NATHIAGALI: For the past year, a steady stream of villagers has been visiting Muhammad Naeem’s home in this quaint mountain town in Pakistan’s northwestern Khyber-Pakhtunkhwa province.
They come for one reason: to see for themselves the benefits of his solar water heater.
“A solar geyser does not cause respiratory diseases, it reduces the burden of firewood collection, and it gets rid of kerosene expenses,” the roadside shop owner, 35, tells curious visitors. “My wife no longer burns fuelwood to heat water for cooking, bathing, and washing dishes or laundry.”
First introduced to Nathiagali six years ago, as part of an initiative by the World Wide Fund for Nature - Pakistan (WWF-Pakistan), roof-top solar water heaters are gaining popularity among the area’s villagers as a cheap, easy, and green alternative to wood and kerosene.
The heating systems comprise of a set of water-filled solar tubes, called collectors, connected to an insulated water tank above them.
The tubes absorb sunlight to heat the water inside them. As it heats, the water rises into the storage tank. At the same time, cooler water from the tank flows into the collectors to be heated, keeping hot water circulating through the system.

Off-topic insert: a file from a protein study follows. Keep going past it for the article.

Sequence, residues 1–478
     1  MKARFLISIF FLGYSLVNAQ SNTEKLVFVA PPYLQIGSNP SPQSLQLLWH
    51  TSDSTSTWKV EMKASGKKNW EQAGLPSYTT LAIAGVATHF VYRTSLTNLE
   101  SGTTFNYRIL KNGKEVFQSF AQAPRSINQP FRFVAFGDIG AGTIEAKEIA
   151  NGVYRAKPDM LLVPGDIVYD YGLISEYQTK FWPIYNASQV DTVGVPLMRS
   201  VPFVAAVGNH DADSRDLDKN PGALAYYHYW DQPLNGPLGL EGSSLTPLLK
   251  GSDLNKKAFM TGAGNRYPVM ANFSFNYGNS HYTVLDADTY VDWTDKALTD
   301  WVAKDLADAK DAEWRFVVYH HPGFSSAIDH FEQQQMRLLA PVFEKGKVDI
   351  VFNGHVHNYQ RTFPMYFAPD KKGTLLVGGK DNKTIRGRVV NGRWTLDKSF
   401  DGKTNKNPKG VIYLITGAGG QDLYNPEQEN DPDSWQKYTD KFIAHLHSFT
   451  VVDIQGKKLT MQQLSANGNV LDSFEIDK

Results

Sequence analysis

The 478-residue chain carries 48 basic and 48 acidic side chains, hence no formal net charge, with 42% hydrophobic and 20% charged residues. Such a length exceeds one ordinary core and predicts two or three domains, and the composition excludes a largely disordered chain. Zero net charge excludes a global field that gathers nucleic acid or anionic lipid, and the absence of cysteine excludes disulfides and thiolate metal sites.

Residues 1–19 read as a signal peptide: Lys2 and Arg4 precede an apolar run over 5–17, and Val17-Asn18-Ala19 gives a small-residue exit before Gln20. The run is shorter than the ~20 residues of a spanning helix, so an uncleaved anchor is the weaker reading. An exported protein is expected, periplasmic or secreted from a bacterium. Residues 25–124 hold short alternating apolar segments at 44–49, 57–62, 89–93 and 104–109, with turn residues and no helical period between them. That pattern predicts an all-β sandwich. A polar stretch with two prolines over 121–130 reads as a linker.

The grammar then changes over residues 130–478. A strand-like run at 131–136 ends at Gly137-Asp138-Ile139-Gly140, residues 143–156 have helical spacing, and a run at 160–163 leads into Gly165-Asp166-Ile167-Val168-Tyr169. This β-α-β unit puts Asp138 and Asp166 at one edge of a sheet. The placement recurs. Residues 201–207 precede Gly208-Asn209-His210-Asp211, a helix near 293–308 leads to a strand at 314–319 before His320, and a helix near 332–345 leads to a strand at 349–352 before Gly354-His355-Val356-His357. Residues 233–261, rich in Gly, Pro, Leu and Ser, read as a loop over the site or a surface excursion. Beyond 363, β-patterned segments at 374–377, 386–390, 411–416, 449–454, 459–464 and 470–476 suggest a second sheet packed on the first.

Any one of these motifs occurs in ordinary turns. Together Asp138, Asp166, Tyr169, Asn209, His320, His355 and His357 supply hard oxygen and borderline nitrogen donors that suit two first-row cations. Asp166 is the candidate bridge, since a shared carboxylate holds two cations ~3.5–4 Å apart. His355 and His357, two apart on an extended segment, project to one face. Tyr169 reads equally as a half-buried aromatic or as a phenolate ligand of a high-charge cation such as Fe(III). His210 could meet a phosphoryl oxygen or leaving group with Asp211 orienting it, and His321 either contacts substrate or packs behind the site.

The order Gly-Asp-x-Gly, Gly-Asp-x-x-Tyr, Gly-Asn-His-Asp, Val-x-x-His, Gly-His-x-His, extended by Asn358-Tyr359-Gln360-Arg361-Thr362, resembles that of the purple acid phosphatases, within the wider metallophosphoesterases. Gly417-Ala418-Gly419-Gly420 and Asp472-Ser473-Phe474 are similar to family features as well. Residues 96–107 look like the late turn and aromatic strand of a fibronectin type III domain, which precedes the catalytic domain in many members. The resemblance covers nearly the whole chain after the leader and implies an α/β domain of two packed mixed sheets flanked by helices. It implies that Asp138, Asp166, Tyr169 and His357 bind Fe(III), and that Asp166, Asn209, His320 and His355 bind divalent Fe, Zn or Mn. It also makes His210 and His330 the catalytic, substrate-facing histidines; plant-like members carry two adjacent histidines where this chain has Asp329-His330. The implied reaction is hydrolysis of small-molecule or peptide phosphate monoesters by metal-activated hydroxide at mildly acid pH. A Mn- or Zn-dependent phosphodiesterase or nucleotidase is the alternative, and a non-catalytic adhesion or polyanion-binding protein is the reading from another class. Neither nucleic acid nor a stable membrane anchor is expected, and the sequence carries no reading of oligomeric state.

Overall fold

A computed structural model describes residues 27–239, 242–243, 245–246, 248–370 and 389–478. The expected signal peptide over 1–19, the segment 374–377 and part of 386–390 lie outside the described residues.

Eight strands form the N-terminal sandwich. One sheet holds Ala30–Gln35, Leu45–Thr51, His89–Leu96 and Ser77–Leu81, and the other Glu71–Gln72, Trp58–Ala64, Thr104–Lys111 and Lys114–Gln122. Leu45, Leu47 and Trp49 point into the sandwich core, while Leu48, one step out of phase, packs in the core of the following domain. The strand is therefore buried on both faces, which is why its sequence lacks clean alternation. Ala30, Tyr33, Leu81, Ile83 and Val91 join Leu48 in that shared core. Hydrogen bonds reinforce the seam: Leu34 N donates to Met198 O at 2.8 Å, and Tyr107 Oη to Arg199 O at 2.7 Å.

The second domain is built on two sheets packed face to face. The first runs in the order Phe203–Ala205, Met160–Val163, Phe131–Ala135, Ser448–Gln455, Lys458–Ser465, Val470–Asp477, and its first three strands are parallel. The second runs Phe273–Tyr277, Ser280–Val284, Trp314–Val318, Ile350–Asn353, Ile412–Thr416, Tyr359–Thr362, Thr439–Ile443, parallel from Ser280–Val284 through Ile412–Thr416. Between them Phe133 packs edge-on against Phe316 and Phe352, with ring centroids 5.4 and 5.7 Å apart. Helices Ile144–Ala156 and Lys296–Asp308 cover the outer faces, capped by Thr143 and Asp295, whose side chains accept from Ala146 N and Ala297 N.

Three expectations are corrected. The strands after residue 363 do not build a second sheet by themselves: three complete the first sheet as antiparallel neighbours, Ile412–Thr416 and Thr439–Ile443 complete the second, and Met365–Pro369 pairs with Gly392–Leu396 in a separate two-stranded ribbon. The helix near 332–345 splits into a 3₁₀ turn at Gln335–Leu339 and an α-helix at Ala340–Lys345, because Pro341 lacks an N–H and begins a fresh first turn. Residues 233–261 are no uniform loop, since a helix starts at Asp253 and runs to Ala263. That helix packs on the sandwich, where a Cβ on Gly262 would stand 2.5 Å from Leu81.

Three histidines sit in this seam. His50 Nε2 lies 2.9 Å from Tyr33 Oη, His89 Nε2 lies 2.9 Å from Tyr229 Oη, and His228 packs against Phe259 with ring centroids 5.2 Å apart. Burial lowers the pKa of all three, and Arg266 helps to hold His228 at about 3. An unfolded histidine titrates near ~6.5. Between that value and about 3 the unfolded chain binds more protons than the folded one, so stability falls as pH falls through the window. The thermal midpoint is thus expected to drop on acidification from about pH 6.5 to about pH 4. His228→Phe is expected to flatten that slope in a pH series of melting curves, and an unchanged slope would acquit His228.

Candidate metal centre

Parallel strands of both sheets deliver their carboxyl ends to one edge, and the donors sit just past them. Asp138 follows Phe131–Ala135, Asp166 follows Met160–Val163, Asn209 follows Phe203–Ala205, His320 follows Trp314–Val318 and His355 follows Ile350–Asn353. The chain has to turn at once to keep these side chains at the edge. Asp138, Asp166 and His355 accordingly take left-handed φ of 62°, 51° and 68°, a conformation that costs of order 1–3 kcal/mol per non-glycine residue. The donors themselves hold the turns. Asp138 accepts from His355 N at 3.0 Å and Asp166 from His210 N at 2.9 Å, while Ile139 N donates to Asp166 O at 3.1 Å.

The units require no electricity to run, making them an affordable, convenient option for communities not on the power grid, experts say. Because they produce no smoke or fumes, solar heaters cut down on the respiratory illnesses associated with burning wood and kerosene.
And, crucially, the heating systems help conserve the trees in Nathiagali and three other towns surrounding Ayubia National Park, an area that is home to 4,000 families, most of whom rely on the local forests of oak, cedar and coniferous pine for fuel.
Cost and benefits
Soon after the technology was introduced, “villagers started visiting our office to enquire about costs, health benefits, technical specifications, and the sustainability of these solar geysers,” Waseem said. “Soon we started seeing a rise in the number of clean energy geysers being installed by the villagers themselves.”
Azmat Khan, a wholesale solar heater dealer in Islamabad, says that while consumers might balk at the Rs47,000 ($450) price tag of a solar water heating unit, it can ultimately be cheaper than using wood or kerosene.
“While solar water heaters do tend to be more expensive upfront, in the long run they can save you a great deal on your monthly energy costs,” he said.
Published in The Express Tribune, September 16th, 2015.
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